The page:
OCT was used to quantify retinal thickness (Stratus OCT 3000; Carl Zeiss, Welwyn Garden City, UK) using the fast macular thickness scanning protocol following pupil dilation in both eyes. OCT measures the macular thickness between the vitreoretinal interface and the interface between the inner and outer photoreceptors segments by changes in reflectivity from the reflected light (original light source: broad bandwidth near infrared light beam with central wavelength of 820 nm). The Stratus OCT software (version 4.0.7) automatically determines the thickness of the subdivisions of the macula (fovea; inner and outer quadrants of the superior, nasal, inferior and temporal regions) and the volume of the total macular area. The fovea was defined as the central disc of the scan, with a radius of 500 µm. This technique is reproducible in healthy participants [20]. In our hands, the intra-individual coefficient of variation for the assessment of fovea thickness was 2.6% (182.0 [4.8] µm, mean [SD]) determined from one participant on four separate occasions.

Capillary pressure

Finger nailfold capillary pressure was measured following direct cannulation of the apex of the capillary loop with a glass micropipette. Dynamic recordings of capillary pressure were achieved using an electronic resistance feedback servo-nulling system [21]. Day-to-day intra-participant variation of the measurement of capillary pressure was 5.2% (3.6%) in six individuals studied on three separate occasions.

Microvascular filtration capacity

Kf was determined using strain-gauge plethysmography (Filtrass 2001; Domed Medizintechnik, Munich, Germany) [22]. The system uses an occlusion cuff placed proximal (thigh) to the filtrass sensor to monitor changes in calf circumference and hence volume in response to increases in venous congestion pressure. The calf circumference is continuously monitored throughout a series of small pressure increases of 8 mmHg that in total do not exceed diastolic pressure. As the venous congestion pressure increases, the net movement of fluid across the vessel wall into the interstitium, that is fluid filtration, increases. The relationship between fluid filtration and cuff pressure is linear, with the slope representing Kf. The mean day-to-day intra-participant variation in the measurement of Kf using this system was 7.1% in two healthy participants assessed on four separate occasions (2.37 ± 0.21 × 10−3 and 2.90 ± 0.15 × 10−3 ml min−1 [100 ml]−1 mmHg−1, mean ± SD, for participants 1 and 2 respectively).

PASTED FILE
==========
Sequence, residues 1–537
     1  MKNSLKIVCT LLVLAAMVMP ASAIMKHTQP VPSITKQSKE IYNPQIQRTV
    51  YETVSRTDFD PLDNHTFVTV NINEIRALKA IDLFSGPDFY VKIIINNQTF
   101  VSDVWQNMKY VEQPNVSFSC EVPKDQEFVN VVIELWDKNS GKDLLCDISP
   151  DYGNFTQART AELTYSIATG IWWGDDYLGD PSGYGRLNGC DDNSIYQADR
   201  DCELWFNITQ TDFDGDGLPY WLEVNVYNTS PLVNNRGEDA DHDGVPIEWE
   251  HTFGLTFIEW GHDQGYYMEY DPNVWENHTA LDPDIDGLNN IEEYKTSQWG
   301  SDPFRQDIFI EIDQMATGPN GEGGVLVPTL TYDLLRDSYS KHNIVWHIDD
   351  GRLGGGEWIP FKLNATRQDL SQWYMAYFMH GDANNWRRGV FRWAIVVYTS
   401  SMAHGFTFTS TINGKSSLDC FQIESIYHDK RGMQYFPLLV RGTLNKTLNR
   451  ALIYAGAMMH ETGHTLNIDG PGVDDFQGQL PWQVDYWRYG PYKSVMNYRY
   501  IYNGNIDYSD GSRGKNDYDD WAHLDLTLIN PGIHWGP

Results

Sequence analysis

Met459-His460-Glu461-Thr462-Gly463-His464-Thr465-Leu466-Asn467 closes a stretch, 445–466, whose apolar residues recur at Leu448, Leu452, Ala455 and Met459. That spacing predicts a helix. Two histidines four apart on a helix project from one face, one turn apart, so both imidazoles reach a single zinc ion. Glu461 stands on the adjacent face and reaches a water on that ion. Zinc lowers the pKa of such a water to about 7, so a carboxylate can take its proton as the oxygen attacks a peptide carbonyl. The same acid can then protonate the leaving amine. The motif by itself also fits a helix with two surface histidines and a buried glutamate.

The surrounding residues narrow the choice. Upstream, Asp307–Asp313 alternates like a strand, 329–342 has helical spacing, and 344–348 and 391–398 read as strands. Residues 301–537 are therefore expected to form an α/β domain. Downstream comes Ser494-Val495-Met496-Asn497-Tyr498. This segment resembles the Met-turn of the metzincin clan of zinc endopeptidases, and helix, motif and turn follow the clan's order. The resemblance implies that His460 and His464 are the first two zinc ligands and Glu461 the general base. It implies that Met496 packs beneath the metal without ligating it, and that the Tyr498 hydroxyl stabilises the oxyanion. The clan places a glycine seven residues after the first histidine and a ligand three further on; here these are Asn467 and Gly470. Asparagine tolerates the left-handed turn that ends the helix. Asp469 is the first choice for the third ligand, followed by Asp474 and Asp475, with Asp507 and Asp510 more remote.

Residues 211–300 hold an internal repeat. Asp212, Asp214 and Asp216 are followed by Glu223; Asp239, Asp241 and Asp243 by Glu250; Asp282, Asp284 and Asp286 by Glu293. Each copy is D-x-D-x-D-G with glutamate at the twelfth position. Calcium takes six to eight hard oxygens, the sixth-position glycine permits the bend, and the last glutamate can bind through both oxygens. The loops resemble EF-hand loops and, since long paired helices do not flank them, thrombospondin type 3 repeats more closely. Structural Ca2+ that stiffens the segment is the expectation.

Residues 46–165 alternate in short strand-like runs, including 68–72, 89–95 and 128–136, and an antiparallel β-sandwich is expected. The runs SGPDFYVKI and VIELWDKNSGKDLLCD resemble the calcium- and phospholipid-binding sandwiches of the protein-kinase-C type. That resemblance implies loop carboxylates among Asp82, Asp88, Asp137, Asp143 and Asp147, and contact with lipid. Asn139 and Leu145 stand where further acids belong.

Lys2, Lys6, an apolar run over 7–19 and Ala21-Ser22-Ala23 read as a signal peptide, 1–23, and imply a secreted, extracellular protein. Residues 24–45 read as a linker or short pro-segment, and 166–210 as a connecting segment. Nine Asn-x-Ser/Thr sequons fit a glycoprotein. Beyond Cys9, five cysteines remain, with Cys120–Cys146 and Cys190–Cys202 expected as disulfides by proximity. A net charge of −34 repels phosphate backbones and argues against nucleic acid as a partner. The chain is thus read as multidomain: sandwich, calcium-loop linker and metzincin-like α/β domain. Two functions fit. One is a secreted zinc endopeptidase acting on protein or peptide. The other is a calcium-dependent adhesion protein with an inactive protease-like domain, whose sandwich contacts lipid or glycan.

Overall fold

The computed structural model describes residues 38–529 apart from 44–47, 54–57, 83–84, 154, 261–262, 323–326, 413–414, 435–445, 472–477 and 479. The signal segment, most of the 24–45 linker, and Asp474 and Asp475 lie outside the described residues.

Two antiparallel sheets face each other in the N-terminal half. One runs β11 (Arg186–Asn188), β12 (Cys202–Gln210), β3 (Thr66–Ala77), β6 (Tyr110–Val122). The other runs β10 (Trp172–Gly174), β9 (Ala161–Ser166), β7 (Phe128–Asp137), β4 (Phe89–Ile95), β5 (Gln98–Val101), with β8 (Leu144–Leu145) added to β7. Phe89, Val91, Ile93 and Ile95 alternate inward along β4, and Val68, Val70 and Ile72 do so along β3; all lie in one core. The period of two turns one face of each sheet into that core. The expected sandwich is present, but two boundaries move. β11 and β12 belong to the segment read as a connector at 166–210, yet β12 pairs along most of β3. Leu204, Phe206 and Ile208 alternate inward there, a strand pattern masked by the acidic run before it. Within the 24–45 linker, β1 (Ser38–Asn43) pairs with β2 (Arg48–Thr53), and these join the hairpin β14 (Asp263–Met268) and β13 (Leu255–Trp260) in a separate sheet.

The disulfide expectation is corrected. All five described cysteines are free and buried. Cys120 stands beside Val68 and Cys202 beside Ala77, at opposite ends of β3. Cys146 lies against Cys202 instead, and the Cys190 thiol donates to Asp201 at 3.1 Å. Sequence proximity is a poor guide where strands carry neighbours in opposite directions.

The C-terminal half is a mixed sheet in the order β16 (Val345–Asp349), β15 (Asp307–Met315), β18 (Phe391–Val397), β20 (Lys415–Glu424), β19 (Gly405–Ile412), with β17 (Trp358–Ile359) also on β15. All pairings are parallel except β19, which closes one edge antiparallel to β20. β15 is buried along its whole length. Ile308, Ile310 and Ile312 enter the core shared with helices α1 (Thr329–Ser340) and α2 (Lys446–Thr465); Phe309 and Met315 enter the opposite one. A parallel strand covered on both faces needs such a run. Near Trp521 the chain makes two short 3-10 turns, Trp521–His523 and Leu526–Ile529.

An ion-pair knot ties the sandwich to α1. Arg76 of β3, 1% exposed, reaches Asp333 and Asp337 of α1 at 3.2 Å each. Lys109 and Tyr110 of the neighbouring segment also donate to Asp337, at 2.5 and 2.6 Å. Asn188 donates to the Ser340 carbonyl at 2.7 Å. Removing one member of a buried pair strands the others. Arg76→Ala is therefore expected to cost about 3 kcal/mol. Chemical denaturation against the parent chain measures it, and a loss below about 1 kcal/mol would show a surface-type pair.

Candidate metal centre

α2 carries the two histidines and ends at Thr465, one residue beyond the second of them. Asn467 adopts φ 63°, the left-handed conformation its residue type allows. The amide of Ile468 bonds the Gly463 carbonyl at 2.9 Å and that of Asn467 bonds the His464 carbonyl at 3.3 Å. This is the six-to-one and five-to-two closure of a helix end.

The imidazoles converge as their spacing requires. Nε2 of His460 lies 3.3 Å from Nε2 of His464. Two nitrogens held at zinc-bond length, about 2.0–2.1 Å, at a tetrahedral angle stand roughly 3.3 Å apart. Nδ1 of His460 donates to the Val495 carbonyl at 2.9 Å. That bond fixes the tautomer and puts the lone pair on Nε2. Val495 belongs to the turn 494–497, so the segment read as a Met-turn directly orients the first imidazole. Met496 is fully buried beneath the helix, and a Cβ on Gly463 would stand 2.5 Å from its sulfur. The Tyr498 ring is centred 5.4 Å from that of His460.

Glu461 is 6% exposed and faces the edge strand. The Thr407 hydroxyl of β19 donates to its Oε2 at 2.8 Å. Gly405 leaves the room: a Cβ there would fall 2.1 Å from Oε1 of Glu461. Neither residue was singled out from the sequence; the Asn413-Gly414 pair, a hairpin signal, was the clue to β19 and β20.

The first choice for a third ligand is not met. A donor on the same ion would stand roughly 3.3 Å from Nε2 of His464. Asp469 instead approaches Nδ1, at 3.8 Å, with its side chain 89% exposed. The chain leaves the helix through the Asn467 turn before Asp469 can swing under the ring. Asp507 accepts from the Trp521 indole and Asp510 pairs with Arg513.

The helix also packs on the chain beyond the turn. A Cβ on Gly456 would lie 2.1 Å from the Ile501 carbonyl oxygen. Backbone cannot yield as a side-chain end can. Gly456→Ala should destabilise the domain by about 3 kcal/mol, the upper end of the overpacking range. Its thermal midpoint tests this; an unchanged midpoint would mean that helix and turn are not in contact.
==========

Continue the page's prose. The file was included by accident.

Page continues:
Structural microvascular assessments: vasodilatory capacity, minimum vascular resistance and microvascular distensibility

Maximum hyperaemia was assessed by heating a small area of skin to 42 to 44°C [23], which induces maximum hyperaemia and reflects the vasodilatory capacity of the skin microcirculation. This was achieved by attaching a small brass heater (area 0.76 cm2) (Moor Instruments, Axminster, UK) to the dorsum of the foot for 30 min. The resultant maximum hyperaemic response was assessed by single point laser Doppler fluximetry (Perflux Pf2: Perimed, Jarfalla, Sweden), with eight equally spaced measurements being made within the heated area and the mean used to represent vasodilatory capacity, arbitrarily expressed as volts. The foot was then lowered by 50 cm and blood flow reassessed in the eight sites in the dependent position. Microvascular distensibility was calculated by dividing dependent vasodilatory capacity by horizontal vasodilatory capacity. The mean day to day intra-participant coefficient of variation for vasodilatory capacity in three participants assessed on five separate occasions was 6.6%; in a male participant assessed over a 2 year period using laser Doppler fluximetry, it was 7.1% (2.11 [0.15] arbitrary units, mean [SD]). MVR was calculated by dividing the mean arterial blood pressure by vasodilatory capacity.